Yancey, 43, considers the felonies and misdemeanors on her record the mistakes of her youth. At ages 19 and 20, she was convicted of retail fraud, stalking and leaving the scene of a property damage accident.
Her experience with the criminal justice system, including time spent in county jail, would later inform her approach as a prosecuting attorney in juvenile court.
“You got in trouble, but that doesn’t define you,” said Yancey, D-Harper Woods, recalling the lessons she would share with young defendants in court. “What defines you is what you do with this experience going forward.”
Yancey worked for the Wayne County Prosecutor’s Office before her run for office in 2017. Landing the job wasn’t easy. Prosecutor Kym Worthy told the Detroit Free Press in a statement that she was “uneasy” with the nature of Yancey’s convictions even though Yancey had cleared the character and fitness evaluation to practice law.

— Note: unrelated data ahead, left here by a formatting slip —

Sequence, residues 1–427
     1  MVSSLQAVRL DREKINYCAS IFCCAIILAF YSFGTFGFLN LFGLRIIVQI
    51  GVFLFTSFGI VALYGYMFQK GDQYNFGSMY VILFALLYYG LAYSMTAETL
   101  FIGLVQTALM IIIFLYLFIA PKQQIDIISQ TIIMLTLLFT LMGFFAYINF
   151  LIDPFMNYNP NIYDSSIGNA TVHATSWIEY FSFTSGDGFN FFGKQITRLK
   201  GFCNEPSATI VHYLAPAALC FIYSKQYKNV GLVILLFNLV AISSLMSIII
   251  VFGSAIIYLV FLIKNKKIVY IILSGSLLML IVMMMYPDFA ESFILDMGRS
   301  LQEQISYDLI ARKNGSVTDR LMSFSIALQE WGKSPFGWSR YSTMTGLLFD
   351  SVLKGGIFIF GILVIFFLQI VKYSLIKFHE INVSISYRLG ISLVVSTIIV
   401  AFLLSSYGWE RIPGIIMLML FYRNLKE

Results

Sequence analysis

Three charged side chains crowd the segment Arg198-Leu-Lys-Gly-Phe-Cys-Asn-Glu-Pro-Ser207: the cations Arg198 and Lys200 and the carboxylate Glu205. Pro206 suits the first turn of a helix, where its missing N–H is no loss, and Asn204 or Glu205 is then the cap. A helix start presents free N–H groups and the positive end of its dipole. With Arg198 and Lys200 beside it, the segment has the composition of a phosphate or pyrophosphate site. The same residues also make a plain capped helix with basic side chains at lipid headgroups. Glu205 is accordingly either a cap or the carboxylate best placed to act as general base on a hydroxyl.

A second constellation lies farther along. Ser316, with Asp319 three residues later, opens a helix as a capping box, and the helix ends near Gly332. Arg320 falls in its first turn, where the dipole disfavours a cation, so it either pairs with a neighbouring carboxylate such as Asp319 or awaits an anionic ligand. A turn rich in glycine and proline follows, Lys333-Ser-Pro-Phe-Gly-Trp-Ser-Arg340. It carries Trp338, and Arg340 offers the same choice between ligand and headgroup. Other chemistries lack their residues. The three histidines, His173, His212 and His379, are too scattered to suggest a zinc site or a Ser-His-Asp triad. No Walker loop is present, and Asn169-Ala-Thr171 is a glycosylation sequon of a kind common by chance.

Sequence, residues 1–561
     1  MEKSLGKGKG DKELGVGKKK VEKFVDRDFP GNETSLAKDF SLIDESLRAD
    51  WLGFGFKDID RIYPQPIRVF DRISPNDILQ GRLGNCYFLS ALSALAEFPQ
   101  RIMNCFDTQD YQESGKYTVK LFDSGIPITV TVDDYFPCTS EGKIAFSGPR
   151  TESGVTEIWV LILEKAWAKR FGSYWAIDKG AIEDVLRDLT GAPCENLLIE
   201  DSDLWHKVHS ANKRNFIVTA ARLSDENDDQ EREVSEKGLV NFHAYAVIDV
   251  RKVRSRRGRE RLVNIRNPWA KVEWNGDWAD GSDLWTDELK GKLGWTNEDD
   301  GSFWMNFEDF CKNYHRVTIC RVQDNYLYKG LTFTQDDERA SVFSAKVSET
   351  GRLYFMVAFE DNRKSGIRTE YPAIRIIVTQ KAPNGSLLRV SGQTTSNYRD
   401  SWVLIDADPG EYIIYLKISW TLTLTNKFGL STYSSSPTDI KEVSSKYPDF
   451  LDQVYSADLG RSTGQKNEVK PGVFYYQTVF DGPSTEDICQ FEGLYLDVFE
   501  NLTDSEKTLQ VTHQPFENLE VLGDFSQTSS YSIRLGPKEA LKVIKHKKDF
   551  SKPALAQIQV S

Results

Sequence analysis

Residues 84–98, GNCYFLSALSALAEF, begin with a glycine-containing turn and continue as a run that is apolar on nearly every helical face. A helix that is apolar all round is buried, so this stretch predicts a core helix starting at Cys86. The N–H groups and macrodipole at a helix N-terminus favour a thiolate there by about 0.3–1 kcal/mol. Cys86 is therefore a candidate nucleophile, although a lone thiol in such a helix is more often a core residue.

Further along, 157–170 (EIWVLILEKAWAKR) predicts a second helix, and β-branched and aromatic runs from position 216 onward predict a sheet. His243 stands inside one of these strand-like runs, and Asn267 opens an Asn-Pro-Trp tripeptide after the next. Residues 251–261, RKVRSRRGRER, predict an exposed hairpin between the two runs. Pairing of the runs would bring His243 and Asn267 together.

Yancey, a graduate of the University of Detroit Mercy School of Law, recalled asking Worthy in a job interview, “What is it that we’re saying about our criminal justice system if we don’t have the belief that it’s rehabilitating?”
Worthy said she agreed to give Yancey a chance after “hearing her story and seeing her tenacity.” She brought Yancey on as a paralegal and later promoted her to assistant prosecutor.
“She worked extremely hard and she earned it,” Worthy said. “I think that her background also gave her a unique perspective in the Juvenile Division as well.”
States have varying rules for determining if and when someone with a criminal record can become a licensed attorney.